She also dismissed as “fake news” a report that Defence Minister Marise Payne could be sent to New York as Consul-General, and denied Attorney-General George Brandis was headed to the High Commissioner’s post in London.

    If i was betting man … actually I reckon Brandis is too damaged.

  9. She was loyal enough to get him out of the mess he made of his leadership. Did him a favour, in fact. He should have sent Julia choccies and flowers.
    Typical man, too bloody emotional for his own good.

  10. Turnbull still overwhelmingly preferred as PM over Shorten. 45/33.

    A meaningless beauty metric when it comes down to it.

  11. Gillard would still be PM had Rudd played the team game. The Abbott Govt’s destruction would not have happened.

  12. bemused

    You’re right; if Rudd was only listening to and talking to one member of caucus, no wonder he was able to be ambushed. He was obviously far more isolated and out of touch than I thought.

  13. zoomster @ #1879 Sunday, March 26, 2017 at 8:36 pm

    You’re right; if Rudd was only listening to and talking to one member of caucus, no wonder he was able to be ambushed. He was obviously far more isolated and out of touch than I thought.

    The Whitlam / Barnard team is the exemplar of what a leader and deputy should be.

  14. So with the penultimate Newspoll, Essential and now Ipsos at 55/45 it would suggest the last Newspoll must be an outlier.


  15. The last newspoll was massaged. William will disagree but it is 3 points adrift of everyone else.
    What’s the point of owning all those newspapers, networks & the like if you can’t rig a little polling now & then?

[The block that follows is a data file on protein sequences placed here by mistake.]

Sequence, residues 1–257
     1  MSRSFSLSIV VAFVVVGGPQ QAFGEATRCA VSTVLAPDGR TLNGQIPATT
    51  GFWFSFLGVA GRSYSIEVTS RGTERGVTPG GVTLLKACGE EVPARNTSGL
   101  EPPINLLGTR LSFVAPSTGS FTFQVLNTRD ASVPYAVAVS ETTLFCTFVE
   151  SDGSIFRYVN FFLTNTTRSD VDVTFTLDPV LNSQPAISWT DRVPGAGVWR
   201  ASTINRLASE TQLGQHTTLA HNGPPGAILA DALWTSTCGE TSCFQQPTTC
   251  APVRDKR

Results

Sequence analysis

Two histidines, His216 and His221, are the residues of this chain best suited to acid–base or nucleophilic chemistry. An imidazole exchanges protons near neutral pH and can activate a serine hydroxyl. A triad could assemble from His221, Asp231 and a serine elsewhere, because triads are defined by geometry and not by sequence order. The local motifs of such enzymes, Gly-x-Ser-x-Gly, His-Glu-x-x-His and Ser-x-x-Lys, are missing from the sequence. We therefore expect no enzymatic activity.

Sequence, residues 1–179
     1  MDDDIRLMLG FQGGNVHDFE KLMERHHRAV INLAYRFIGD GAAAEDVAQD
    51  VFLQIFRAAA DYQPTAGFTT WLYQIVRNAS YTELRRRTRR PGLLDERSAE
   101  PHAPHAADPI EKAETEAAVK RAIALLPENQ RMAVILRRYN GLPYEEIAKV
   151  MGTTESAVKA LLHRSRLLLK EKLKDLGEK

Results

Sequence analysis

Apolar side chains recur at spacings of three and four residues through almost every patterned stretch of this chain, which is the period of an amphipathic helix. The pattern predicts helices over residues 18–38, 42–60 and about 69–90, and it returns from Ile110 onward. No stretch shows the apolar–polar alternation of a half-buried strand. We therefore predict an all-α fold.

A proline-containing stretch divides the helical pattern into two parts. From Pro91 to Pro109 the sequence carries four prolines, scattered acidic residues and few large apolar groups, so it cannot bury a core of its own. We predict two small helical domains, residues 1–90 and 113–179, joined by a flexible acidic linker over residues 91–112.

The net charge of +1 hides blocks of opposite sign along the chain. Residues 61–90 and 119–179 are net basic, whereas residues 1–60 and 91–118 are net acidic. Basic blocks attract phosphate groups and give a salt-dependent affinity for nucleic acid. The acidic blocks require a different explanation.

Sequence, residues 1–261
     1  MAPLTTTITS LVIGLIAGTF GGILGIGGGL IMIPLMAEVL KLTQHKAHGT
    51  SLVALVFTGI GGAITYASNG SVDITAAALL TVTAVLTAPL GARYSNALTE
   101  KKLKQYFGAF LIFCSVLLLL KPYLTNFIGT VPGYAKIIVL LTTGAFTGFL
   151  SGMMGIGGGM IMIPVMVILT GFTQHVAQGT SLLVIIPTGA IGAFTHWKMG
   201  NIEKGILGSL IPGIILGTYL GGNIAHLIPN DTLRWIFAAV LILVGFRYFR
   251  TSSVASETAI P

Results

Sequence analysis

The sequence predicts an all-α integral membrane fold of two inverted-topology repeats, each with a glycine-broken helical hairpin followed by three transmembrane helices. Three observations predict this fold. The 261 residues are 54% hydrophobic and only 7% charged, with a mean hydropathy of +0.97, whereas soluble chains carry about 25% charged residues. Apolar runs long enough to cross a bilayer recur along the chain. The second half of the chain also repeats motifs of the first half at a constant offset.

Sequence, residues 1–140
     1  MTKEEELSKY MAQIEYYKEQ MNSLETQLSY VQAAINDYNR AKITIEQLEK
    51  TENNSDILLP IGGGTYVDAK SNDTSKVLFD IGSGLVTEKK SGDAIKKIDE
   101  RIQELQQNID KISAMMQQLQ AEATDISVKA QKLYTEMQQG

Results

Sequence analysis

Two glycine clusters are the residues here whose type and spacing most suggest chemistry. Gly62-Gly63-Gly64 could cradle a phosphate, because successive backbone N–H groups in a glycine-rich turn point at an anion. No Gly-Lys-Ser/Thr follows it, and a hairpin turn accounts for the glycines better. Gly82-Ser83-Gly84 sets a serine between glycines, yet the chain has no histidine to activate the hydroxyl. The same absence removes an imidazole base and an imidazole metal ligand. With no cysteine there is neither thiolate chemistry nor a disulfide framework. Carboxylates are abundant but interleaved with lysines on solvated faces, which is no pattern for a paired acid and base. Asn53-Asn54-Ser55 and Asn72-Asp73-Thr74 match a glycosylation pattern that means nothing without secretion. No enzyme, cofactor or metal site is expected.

16. Ispos sample size is 1,400, so margin of error is 2.7%.

    The 16% for Greens doesn’t look realistic, but then 34% for Labor (up from 30) looks low.

  17. So illustrative how ridiculous the commentary was because Newspoll came out with a less shit than the last really really shit result for the government.

    This is an ex-government. But damn don’t the commentariat desperately want it not to be so. It is ‘led’ [sic] by a gutless fraud who would rather die on his knees than anything. But damn don’t the commentariat desperately want to pretend that they see signs of life.

    He’s bleedin demised you turnips. Replacing him with a slug named Trevor would be a massive improvement.

  18. Airlines:

    For as long as bemused is tolerated here there will always be the RGR wars. The moron cannot help himself.

  19. No worries, Puff.
    I found it interesting that in most Congressional districts within the Los,Angeles Metro region, Clinton actually polled higher percentages than either of Obama’s victory margins there. Furthermore, around 10 progressive statewide Proposition measures were passed and a couple of Volpine corporates-in-sheep’s clothing Propositions were defeated.

  20. Also LAP primary higher than LNP is significant.

    And consider than many just think Turnbull caved on 18C for the purposes of Party Unity. What are they going to want next…

    Will the new Malcolm continue to give up voter support for the sake of party unity, or will the new Malcolm keep the party together and remain leader and continue bleeding voters.

    Either way, the ALP will be able to campaign on the stability of the ALP under Bill Shorten.

  21. poroti @ #1773 Sunday, March 26, 2017 at 6:01 pm


    I found most Americans were decent folks who would give you the shirt of their backs

    My American experience has been up and down the West Coast. I am permanently perplexed and confused at the disconnect between the wonderful people I met from so many different walks of life and the @#$%$#%$$#!!!!! governments the US elects.

    I agree on both counts here.